Tony Soprano's Fate
If The Sopranos had any relationship to the real mob, this is approximately how the concluding episode would play out:
1. A joint federal-state task force, which has had all involved under surveillance -- and benefits from informants within the organization -- concludes its work with a 100-count indictment encompassing both sides of the Hudson River. (I've always marveled at the lack of law enforcement attention devoted to these guys.)
2. Tony is placed on trial for RICO, convicted, and sentenced to life imprisonment at the Super-Max in Florence, Colorado.
3. Phil Leotardo is under the most surveillance of any of them, having been just released from a long prison term. He'd probably be under supervised release and in no position to do a thing. He's trying hard to avoid scrutiny and die in freedom.
4. Paulie Walnuts becomes interim head of the family until he too is indicted, convicted and imprisoned. He is the most realistic character in the show, by far. As an ex-wiseguy in real life, he has all the moves perfected.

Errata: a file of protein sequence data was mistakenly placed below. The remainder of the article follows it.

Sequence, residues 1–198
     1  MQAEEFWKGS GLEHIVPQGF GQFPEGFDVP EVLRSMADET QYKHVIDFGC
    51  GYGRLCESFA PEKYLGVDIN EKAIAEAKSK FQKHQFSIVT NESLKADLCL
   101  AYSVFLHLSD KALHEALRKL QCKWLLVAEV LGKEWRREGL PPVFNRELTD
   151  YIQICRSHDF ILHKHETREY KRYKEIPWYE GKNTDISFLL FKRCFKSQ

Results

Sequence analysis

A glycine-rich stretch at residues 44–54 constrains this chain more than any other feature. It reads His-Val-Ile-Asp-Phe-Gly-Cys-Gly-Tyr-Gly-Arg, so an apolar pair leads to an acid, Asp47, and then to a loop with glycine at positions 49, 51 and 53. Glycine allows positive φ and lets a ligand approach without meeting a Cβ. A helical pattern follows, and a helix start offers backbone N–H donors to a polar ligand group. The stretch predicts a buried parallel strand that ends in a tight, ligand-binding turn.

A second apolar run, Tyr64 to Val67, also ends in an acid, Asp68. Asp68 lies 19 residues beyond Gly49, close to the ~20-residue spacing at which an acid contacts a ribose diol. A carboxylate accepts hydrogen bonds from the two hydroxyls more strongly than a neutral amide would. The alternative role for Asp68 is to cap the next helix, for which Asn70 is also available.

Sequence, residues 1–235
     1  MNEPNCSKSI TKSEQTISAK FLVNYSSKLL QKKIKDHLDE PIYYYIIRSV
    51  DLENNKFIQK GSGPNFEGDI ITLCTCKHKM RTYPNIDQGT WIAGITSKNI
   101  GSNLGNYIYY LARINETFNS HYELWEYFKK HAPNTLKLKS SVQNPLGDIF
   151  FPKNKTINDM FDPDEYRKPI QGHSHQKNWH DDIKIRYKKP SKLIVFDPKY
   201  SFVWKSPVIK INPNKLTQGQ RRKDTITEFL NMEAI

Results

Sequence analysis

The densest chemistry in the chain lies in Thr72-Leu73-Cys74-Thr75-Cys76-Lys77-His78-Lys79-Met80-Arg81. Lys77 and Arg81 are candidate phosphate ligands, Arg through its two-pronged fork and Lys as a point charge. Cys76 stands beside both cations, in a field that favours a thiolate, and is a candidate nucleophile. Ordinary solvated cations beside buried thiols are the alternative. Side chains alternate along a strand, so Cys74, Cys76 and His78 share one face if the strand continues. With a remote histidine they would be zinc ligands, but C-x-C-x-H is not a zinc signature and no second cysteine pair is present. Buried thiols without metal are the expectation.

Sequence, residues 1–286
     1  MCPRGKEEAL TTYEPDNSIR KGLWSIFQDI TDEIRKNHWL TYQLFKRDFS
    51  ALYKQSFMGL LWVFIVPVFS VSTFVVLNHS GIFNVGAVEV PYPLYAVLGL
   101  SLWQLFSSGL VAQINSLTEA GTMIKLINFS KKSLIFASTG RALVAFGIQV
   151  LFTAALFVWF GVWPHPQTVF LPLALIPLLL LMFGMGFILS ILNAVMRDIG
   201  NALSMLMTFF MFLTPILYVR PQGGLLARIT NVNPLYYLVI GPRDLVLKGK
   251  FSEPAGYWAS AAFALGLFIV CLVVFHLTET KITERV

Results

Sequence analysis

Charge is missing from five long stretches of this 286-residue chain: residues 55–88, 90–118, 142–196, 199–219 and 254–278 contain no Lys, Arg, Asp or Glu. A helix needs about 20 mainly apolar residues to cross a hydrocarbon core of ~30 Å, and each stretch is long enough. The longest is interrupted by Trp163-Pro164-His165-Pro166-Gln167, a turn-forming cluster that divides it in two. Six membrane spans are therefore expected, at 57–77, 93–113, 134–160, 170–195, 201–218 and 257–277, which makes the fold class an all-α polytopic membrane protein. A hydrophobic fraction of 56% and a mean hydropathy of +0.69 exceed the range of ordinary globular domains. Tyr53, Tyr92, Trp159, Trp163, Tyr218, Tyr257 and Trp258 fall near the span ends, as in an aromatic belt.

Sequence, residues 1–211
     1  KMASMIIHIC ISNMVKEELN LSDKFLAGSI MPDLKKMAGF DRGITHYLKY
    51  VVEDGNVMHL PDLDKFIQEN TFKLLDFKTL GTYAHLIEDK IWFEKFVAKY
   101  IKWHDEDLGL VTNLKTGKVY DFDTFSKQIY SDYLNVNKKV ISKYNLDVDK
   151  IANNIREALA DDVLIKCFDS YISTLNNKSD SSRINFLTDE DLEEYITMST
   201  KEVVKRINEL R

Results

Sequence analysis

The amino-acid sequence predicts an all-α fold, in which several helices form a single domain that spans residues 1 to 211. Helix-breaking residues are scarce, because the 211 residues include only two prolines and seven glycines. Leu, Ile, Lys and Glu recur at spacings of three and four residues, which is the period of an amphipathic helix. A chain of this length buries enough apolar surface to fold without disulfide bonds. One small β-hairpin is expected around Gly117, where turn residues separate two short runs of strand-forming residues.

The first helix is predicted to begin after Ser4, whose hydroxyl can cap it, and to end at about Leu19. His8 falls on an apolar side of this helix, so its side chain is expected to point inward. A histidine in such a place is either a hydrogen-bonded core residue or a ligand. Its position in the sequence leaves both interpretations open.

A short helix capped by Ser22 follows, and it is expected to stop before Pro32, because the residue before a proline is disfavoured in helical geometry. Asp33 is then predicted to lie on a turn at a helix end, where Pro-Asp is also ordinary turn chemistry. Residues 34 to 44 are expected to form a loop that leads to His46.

5. Nobody dies of unnatural causes. That has been the pattern since the early 1990s. (Today's events notwithstanding. Forget that. No more "mob wars.")
6. Carmela Soprano is forced to sell all their property to pay the legal fees, and winds up in a rented house in Hackensack.
7. Everybody is considerably less affluent, and dumber, than depicted. The bosses are a lot older, flabbier, and never carry loaded firearms.
I'll be curious to see how closely, if at all, the last episode adheres to the well-established principles of mob life I've outlined above.
© 2007 Gary Weiss. All rights reserved.
Wall Street Versus America was published by Penguin USA on April 6.
Click here for its Amazon.com listing and here for more information on the book, from my web site, gary-weiss.com.
Labels: The Sopranos